Friday Nov 1, 2013
STScI Astrobiology Lecture Series
Karin I. Öberg ((Harvard-Smithsonian Center for Astrophysics))
In the cold and dense stages of star and planet formation, volatile molecules condense out on interstellar grains forming icy mantles. This condensation process results in a series of snowlines, or condensation fronts, whose exact locations are set b ...
Friday Oct 4, 2013
STScI Astrobiology Lecture Series
Nikku (Madhu) Madhusudhan  (Yale University)
Recent advances in exoplanet observations and theoretical methods are leading to unprecedented constraints on the physicochemical properties of exoplanetary atmospheres, interiors, and their formation conditions. In this talk, I will present some of ...
Friday May 3, 2013
STScI Astrobiology Lecture Series
Ravi Kumar Kopparapu (Department of Geosciences, Penn State University)
Identifying terrestrial planets in the habitable zones (HZs) of other stars is one of the primary goals of ongoing exoplanet surveys and proposed space-based flagship missions. In this talk, I will discuss about our recent results on new estimates of ...
Friday Apr 5, 2013
STScI Astrobiology Lecture Series
Jan Amend (Department of Earth Sciences and Department of Biological Sciences, University of Southern California)
On Earth, microorganisms appear to inhabit all physical space that provides the minimum requirements for life. These include the availability of water, carbon, nutrients, and light or chemical energy. While these are generally abundant in surface or ...
Friday Mar 1, 2013
STScI Astrobiology Lecture Series
Daniel Glavin  (Planetary Environments Laboratory, NASA Goddard Space Flight Center)
In this talk, Glavin will describe the concept of a “habitable environment” and the requirements for life as we know it. Understanding the basic requirements for life and the prebiotic chemistry that led to the emergence of life on Earth will help gu ...
Friday Feb 1, 2013
STScI Astrobiology Lecture Series
Lindy Elkins-Tanton (Department of Terrestrial Magnetism, Carnegie Institution of Washington)
The final stages of the growth of a planet consist of violently energetic impacts, but new observations of the Moon and Mercury indicate that the energy of accretion does not remove all the water and carbon from the growing planet. Models demonstrate ...
Friday Nov 2, 2012
STScI Astrobiology Lecture Series
Suvrath Mahadevan  ((Dept. of Astronomy & Astrophysics, Penn State University))
A promising path to the discovery and study of individual rocky planets in the Habitable Zone around a star is to search for planets around nearby M dwarfs, as their mass and smaller HZ planet orbits leads to a significantly larger Doppler radial vel ...
Friday Oct 5, 2012
STScI Astrobiology Lecture Series
Aaron Goldman  (Princeton University)
Proteins play the primary functional role in nearly all of life's physiological processes. They are, themselves, the final products of the translation system, life's oldest and most highly conserved of these processes. The early expansion of protein ...
Friday May 4, 2012
STScI Astrobiology Lecture Series
Greg Fournier (Massachusetts Institute of Technology)
he first two billion years of life on Earth left scant, inconclusive material evidence of its existence, despite its undoubtedly complex and profound impact on our planetary system. As a consequence, many hypotheses about the origin of life and its e ...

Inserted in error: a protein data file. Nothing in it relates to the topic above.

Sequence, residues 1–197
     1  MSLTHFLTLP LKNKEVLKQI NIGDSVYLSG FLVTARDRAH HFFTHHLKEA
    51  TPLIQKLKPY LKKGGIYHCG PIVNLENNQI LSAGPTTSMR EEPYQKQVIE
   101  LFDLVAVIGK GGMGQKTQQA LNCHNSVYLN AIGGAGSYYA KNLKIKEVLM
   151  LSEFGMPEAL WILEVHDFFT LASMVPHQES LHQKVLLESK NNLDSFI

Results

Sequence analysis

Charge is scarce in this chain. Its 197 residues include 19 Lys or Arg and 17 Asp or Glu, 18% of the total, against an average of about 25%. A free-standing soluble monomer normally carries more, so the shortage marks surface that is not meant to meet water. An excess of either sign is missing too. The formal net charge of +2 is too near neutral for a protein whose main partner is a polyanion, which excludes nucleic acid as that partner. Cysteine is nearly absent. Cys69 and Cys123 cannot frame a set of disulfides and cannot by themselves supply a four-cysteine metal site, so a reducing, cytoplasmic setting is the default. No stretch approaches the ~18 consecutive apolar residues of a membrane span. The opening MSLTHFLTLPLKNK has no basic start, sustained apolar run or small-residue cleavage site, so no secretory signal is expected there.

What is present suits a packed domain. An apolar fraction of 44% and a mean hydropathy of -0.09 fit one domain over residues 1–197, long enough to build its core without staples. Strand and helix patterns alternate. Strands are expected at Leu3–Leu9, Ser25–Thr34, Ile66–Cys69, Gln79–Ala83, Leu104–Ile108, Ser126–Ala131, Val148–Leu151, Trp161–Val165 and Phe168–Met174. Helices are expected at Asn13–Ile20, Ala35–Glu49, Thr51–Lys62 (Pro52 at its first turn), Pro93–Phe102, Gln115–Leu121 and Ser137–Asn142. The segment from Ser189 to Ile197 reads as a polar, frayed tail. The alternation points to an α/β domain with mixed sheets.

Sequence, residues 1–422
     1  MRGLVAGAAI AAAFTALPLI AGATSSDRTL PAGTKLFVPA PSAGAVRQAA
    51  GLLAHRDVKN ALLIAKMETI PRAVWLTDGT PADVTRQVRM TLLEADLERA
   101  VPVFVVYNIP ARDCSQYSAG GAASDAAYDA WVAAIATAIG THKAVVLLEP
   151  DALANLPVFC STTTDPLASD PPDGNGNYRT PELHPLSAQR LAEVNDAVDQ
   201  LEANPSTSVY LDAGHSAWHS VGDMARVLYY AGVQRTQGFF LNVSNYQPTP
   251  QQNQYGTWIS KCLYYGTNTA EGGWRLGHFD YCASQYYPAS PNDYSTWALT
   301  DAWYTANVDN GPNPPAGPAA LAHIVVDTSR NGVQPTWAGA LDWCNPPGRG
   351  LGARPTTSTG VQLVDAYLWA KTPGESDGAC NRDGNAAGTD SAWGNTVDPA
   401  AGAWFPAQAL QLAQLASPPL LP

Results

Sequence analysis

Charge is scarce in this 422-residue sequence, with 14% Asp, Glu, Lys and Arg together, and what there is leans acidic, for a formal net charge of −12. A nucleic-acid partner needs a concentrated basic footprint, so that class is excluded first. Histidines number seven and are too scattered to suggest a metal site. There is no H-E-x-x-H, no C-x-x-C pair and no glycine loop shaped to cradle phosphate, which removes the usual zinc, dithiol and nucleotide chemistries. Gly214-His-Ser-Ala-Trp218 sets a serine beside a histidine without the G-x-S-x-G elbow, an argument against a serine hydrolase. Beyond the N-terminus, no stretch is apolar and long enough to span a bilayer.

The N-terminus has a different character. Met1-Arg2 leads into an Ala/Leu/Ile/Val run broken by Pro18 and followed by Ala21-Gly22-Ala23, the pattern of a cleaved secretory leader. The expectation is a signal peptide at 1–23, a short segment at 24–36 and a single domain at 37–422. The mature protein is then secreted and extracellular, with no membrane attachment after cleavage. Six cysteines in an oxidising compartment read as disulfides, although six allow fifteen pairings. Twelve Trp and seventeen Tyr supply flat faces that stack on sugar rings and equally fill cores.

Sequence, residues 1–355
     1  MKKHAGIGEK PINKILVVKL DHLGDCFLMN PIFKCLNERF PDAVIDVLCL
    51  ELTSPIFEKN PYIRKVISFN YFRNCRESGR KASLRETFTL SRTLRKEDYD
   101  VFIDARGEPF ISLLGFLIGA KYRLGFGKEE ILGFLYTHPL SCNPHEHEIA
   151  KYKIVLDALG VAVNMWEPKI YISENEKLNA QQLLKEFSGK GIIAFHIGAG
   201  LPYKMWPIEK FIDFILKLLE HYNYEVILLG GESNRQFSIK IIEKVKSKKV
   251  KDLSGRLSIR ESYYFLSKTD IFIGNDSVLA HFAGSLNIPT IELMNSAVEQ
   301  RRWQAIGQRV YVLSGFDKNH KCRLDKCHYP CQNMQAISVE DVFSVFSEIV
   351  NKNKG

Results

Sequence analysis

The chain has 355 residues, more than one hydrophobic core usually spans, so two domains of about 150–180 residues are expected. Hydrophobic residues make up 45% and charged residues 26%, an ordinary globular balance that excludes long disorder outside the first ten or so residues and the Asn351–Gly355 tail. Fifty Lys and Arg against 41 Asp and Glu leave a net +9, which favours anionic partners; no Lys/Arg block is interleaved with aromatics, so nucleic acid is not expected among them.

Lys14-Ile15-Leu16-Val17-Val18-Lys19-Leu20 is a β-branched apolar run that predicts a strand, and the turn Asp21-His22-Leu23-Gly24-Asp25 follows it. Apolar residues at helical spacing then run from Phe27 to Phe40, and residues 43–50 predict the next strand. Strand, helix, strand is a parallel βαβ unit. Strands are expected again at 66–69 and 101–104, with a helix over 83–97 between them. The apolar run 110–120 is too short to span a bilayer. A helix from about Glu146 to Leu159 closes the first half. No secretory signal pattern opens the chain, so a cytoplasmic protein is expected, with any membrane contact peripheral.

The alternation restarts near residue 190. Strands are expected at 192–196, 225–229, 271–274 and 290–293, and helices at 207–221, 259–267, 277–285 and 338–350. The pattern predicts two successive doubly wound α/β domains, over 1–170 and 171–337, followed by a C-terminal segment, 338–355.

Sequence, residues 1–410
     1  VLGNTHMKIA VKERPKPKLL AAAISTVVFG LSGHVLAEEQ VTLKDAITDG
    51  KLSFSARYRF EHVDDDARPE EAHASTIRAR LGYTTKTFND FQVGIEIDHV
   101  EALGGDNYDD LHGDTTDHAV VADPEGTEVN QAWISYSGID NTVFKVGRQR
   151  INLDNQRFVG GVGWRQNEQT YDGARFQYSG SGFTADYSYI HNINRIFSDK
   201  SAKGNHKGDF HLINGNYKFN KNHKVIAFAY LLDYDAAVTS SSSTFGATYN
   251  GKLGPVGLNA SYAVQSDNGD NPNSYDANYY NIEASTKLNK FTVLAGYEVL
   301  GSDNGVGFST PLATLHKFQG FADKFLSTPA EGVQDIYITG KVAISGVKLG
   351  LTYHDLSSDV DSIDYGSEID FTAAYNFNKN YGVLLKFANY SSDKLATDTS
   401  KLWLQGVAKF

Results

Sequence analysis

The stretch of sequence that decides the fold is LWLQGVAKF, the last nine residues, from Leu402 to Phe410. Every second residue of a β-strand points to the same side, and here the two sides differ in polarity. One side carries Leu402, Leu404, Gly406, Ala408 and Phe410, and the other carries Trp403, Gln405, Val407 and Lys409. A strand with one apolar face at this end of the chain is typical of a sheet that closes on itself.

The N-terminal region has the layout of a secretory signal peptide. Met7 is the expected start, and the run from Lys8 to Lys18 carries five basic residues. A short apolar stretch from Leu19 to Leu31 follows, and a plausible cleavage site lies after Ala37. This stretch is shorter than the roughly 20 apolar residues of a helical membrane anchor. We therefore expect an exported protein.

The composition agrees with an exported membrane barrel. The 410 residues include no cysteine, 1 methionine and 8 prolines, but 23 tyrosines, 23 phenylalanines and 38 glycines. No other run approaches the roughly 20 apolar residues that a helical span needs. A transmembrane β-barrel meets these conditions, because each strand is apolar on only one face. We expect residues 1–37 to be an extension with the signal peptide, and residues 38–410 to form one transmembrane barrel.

Friday Apr 6, 2012
STScI Astrobiology Lecture Series
Katrina Edwards ( University of Southern California)
Over the past two decades, there has been an increasing awareness within the geological, microbiological, and oceanographic communities of the potentially vast microbial biosphere that is harbored beneath the surface of the Earth. With this awarenes ...
Friday Mar 2, 2012
STScI Astrobiology Lecture Series
Eric Agol (University of Washington)
If planets could re-form or migrate inwards to just outside the Roche limit of white dwarfs stars, they would be warmed to Earth-like temperature for billions of years. These planets would be easy to detect in edge-on orbit via a large depth transit ...
Friday Feb 3, 2012
STScI Astrobiology Lecture Series
Travis Barman  (Lowell Observatory)
Several young gas giants in wide orbits (> 10 AU) have now been directly imaged. These exciting discoveries provide new insights into the formation and early atmospheric properties of giant planets. This talk will focus on recent attempts to measure ...
Friday Dec 2, 2011
STScI Astrobiology Lecture Series
Karen Meech  (University of Hawaii)
Water is abundant on Earth, covering 75% of Earth's surface, and accounting for up to 0.1% of Earth's mass, yet Earth may in fact be a very dry world. Liquid water is not only key for life, but understanding the origin of Earth's water has important ...
Friday Nov 4, 2011
STScI Astrobiology Lecture Series
Daniel Apai  (University of Arizona)
Astronomy is entering an exciting new era where ground- and space-based observatories open windows on planetary systems increasingly similar to our own. In this talk I will give a brief overview of the search for exoplanets and discuss techniques tha ...
Friday Oct 7, 2011
STScI Astrobiology Lecture Series
Andrew Steele (Carnegie Institution for Science)
In the next decade Mars will be visited by the most capable Rovers and instruments built to date. How will these missions find evidence of life on Mars and what does mean for us if there is no life detected. The robotic exploration of Mars and subseq ...
Friday May 6, 2011
STScI Astrobiology Lecture Series
George Cody (Carnegie Institution for Science)
Comets and carbonaceous chondrites are the remnants of molecular cloud material from which our Solar System formed. These bodies are considered to be primitive in the sense that they have been subjected to the least modification following accretion. ...